There and back again: Navigating the climate impacts of CO₂ use

In dealing with the climate crisis, there is a growing interest in capturing carbon dioxide (CO2) to be reused in products or processes, otherwise called carbon capture and utilisation (CCU). The following brief aims to analyse CCU as a decarbonisation pathway and its validity. The valorisation of CO2 needs to be evaluated on a case by case basis to ensure it’s climate impact is properly accounted for, to avoid any unwarranted claims of its role in climate change mitigation.

Utilising CO2 comes in many forms, ranging from fuels to working fluids. Many of these CCU products are examples of delayed emissions, where the CO2 captured is released in a timespan of weeks, months or decades. While some products are short lived, others have a higher potential for keeping the CO2 away from the atmosphere for a longer period of time.

Growing interest for CCU is reflected in policy as the EU Commission looks to publish a delegated act on the EU ETS that focuses on CCU. This brief contextualises CCU products by evaluating the climate impact by assessing carbon and energy flows. The recommendations that conclude the brief highlight the key points that need to be considered when placing CCU into the climate change mitigation toolbox.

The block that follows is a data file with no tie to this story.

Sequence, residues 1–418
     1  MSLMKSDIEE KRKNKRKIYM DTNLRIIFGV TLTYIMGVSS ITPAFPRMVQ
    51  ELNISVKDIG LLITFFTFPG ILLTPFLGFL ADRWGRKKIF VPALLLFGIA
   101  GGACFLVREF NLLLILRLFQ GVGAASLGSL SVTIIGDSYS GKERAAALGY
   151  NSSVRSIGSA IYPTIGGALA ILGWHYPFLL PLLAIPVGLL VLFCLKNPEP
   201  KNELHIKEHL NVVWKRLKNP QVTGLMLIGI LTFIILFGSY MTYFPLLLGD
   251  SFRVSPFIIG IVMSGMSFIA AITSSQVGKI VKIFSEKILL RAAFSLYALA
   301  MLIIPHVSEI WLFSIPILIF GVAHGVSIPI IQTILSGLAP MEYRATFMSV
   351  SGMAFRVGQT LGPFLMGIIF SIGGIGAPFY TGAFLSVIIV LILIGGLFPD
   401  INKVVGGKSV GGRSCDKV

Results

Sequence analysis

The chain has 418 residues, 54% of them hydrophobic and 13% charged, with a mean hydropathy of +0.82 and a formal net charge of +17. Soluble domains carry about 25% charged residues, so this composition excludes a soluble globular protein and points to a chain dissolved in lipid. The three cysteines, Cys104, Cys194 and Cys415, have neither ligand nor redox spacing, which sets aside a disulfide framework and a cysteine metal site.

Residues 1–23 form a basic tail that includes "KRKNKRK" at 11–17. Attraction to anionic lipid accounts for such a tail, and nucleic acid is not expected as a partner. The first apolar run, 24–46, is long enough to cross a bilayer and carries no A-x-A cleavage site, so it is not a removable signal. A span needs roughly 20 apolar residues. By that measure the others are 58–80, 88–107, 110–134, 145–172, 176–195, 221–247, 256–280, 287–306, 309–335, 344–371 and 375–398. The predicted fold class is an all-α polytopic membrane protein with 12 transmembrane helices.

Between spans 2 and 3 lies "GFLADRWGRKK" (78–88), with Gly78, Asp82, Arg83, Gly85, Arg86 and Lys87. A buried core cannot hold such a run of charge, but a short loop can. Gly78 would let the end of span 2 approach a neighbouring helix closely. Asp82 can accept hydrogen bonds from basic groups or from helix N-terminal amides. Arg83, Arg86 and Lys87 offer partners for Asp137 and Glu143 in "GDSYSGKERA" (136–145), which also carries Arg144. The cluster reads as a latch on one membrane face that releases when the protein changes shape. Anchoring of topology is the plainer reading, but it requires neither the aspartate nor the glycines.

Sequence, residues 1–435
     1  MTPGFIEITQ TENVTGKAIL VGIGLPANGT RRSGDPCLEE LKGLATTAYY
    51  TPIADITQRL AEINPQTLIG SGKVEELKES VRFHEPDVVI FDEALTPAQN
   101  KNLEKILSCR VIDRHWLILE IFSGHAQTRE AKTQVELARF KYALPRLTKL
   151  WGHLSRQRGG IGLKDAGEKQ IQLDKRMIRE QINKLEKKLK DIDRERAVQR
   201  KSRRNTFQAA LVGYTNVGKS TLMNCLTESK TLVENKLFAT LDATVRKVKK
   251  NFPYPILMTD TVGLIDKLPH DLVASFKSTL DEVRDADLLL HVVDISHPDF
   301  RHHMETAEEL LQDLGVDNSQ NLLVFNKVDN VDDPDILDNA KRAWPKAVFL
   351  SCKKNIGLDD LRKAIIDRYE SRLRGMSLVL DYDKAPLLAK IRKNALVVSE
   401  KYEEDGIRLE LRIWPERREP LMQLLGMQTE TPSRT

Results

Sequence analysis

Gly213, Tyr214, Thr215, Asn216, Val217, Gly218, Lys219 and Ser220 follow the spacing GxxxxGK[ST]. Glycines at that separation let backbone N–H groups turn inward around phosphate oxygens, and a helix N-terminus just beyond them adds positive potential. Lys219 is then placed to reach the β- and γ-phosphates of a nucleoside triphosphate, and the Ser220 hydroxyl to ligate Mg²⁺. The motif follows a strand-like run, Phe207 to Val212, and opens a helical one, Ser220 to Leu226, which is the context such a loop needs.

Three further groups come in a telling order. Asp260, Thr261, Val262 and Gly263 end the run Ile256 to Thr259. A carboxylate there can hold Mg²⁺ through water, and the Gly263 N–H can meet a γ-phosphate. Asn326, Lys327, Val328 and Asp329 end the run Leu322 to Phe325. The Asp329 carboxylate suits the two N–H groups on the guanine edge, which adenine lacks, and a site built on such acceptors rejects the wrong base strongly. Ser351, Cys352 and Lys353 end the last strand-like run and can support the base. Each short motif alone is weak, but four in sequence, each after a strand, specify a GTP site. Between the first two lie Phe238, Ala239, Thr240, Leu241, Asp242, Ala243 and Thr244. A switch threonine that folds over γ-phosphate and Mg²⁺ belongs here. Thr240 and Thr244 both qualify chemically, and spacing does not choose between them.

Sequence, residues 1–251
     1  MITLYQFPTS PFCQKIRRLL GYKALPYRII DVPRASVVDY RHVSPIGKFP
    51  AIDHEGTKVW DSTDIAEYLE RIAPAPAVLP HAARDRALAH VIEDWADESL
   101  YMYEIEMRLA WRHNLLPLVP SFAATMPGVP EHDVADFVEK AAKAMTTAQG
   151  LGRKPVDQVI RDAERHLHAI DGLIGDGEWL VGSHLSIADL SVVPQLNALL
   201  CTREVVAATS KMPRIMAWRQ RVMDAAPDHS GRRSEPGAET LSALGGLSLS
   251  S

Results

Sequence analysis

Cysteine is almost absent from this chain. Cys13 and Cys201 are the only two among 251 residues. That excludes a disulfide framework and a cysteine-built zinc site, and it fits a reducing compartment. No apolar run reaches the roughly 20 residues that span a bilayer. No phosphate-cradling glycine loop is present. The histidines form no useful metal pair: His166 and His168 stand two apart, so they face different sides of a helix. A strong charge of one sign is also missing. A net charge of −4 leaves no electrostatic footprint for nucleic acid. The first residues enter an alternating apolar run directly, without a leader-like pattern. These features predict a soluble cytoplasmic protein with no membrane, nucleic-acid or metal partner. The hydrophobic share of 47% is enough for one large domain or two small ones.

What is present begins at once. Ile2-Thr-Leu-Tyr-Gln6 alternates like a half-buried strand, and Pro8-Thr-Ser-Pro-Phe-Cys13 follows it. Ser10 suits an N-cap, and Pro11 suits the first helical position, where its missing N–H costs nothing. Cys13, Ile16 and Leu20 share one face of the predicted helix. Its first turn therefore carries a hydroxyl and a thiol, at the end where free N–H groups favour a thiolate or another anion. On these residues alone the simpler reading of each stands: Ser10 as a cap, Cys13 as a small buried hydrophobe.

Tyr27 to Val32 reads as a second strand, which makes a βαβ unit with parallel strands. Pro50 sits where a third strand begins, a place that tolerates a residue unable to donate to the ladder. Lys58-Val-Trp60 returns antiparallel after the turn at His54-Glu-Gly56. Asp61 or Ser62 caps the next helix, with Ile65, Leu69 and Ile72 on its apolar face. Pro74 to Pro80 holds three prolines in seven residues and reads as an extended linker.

Key recommendations:
A full GHG lifecycle assessment for each CO2 utilisation is needed on a case-bycase basis. It needs to include the carbon source, energy requirements and end-of-life fate of the carbon to ensure that the full climate impact of the product is accounted for.

Fuels, chemicals and non-permanent CCU require renewable energy and atmospheric carbon
for their production.
Given the significant energy requirements, their application must be targeted.

Permanent CCU products aiming to store CO2 for centuries require robust monitoring
and verification to be recognised as permanent.
Products must be used with the explicit aim to permanently store the carbon used in their production process. To not surrender allowances, producers must provide evidence of long-term storage (i.e., centuries at minimum) and risk assessments for potential reversals, particularly at the end-of-life of a product.

The renewable energy used to produce CCU products should be additional to the renewable energy deployed to contribute to the energy transition. The production of CCU products should not hinder more efficient decarbonisation pathways that provide rapid and significant emissions reductions at scale, such as direct electrification where possible.

Read our Policy Brief below:

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